Before we begin today I’d like to share some of the emails I get from people who wander through. Just in case you wonder why I drink bourbon for breakfast.
(1): You should write for a blog, your pretty gud.
(2): Your an idiot. Kenny Williams firiing hendry was the smartest thing he ever did!!!!!!!!!!!
(3): HAVING CONSULTED WITH MY COLLEAGUES AND BASED ON THE INFORMATION GATHERED FROM THE NIGERIAN CHAMBERS OF COMMERCE AND INDUSTRY, I HAVE THE PRIVILEGE TO REQUEST FOR YOUR ASSISTANCE TO TRANSFER THE SUM OF $47,500,000.00 (FORTY SEVEN MILLION, FIVE HUNDRED THOUSAND UNITED STATES DOLLARS) INTO YOUR ACCOUNTS.
I get that one a lot.
(4): I think you should leave Lovie Smith alone. He’s a good Christian and that should be all that matters. People who like football, as you claim to do, should know better than that.
(5): Jesus will eat your spleen for making fun of Tebow!
I actually still laugh at that one.
(6): YOU HAVE A MORAL OBLIGATION TO SEE TO IT THAT THE JEWISH CABAL IS EXPOSED FOR WHAT THEY ARE. CUBS FANS WILL SOON LEARN THE COST OF DEALING WITH MUD PEOPLE .....
That one would have printed out to about 7 pages single spaced.
(7): You’re kind of cute. I saw your picture on a web site. Click this link to see mine.
I get that one a lot too.
Anyway, you get the idea. I get a nice mix of spam and lunatics. I also get some very insightful and thoughtful emails so this gig doesn’t totally suck. Plus, with people hanging with me on Facebook and Twitter now, I get a nice variety of opinions from those who just don’t want to join another blog.
Can’t argue with that.
So, what fun can we have today? David Haugh reports that the anal retentive, conservative Christian, McCaskey family is about to hire a guy who’s nickname is Satan.
By the end of their poky search to find the right general manager to get back to the Super Bowl, the Bears might find it necessary to make a deal with the devil.
Not really, but it is fun to note that GM finalist Phil Emery once went by the nickname “Satan.’’ I wonder if Virginia McCaskey knows.
The demonic moniker came from Emery’s days as strength coach at the Naval Academy when players called him that because of his hellish conditioning workouts. The ability to make Midshipmen puke doesn’t mean Emery can make the Bears NFC North champions again or automatically makes him a better choice than Patriots director of pro personnel Jason Licht. But it speaks to an indefatigable, unrelenting approach Emery would instill throughout the organization.
One former colleague suggested Emery could outwork the four other candidates the Bears interviewed combined. Another recalled how Emery impressed Falcons GM Thomas Dimitroff in 2008 so much with his work ethic after a demotion that Dimitroff eventually recommended him to Chiefs general manager Scott Pioli.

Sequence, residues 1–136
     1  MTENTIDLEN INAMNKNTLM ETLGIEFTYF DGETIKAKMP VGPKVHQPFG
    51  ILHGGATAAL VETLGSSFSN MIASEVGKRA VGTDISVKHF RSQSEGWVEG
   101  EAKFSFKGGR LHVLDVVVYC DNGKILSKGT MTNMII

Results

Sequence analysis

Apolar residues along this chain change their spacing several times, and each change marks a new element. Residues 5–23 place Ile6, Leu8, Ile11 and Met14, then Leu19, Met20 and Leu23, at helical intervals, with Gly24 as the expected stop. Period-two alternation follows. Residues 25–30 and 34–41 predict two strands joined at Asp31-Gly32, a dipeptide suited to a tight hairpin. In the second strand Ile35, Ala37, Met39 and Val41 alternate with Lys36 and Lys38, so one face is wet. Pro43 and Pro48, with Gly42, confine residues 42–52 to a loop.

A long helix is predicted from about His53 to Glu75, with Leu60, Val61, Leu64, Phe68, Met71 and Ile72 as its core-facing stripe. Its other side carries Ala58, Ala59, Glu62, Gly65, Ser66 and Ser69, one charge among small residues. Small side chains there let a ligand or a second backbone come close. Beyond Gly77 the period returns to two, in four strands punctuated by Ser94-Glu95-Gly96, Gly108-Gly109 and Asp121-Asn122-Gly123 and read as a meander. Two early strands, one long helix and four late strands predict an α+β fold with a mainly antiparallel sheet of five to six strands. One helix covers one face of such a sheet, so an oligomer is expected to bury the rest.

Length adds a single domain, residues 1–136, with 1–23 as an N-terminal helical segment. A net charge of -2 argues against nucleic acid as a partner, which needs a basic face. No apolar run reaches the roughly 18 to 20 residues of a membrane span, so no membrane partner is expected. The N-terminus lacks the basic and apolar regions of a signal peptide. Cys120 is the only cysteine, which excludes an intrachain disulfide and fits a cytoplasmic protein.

A former Bears scout the McCaskeys employed from 1998-2004, Emery represents a solid, unexciting hire typical of the Bears. A team president who feels strongly enough about the status quo to make chemistry with coach Lovie Smith a priority for the next GM would seem to favor a known commodity over an unknown. The devil Ted Phillips knows, if you will.
The Bears hiring a 53-year-old with a background in college scouting would seem a little deja vu-ish. Some might wonder if they were hiring Jerry Angelo’s replacement or his younger brother. But given the stability Emery offers and the job requirements as Phillips defines them, I will be surprised if the Bears hire anybody else.
Licht would have the edge in a total reboot of the organization. Just 40, Licht already knows from experience how the Patriots, Eagles and Cardinals got to Super Bowls. For what it’s worth, it has been easier to find people around the league who, based on reputation, doubt Licht’s ability to lead a front office more than Emery’s. But if Phillips sought to shake up the organization with a young, dynamic personality who initially might make Halas Hall holdovers uneasy, Licht fits the profile.
I can hear you in the Dick Butkus jersey saying, hey, dat’s exactly what dey need. A valid point, but don’t forget Da Bears aren’t undergoing a culture change. This isn’t the Cubs replacing Jim Hendry. Like it or not, this is a team admittedly looking for a GM who complements more than contrasts the head coach.
I still wonder if prioritizing short-term interests regarding compatibility with Smith benefits the Bears’ long-term success. The most overlooked aspect of this search has been the need to find which candidate arrives most-equipped to hire the next coach. Talent evaluation matters when it comes to draft picks and free-agents, sure, but even more so when it comes to potential head coaches.
Perhaps Angelo’s greatest achievement, the one that defined his tenure more than any other move, was choosing Smith after firing Dick Jauron — the coach he inherited and coexisted awkwardly with for three seasons. If the Bears don’t ask Emery and Licht to spell out a succession plan for when Smith is fired — as early as next January — then they are ignoring the biggest decision the next GM will make. That’s not taking a pessimistic view of the future for a team forcing a coach on a new GM as much as a realistic one.
The best GM choice? I would lean slightly toward Emery but strongly endorsing either man without hearing him articulate his plan would be baseless. I could make a case for none of the above easier than I could pick one over the other based on what we currently know.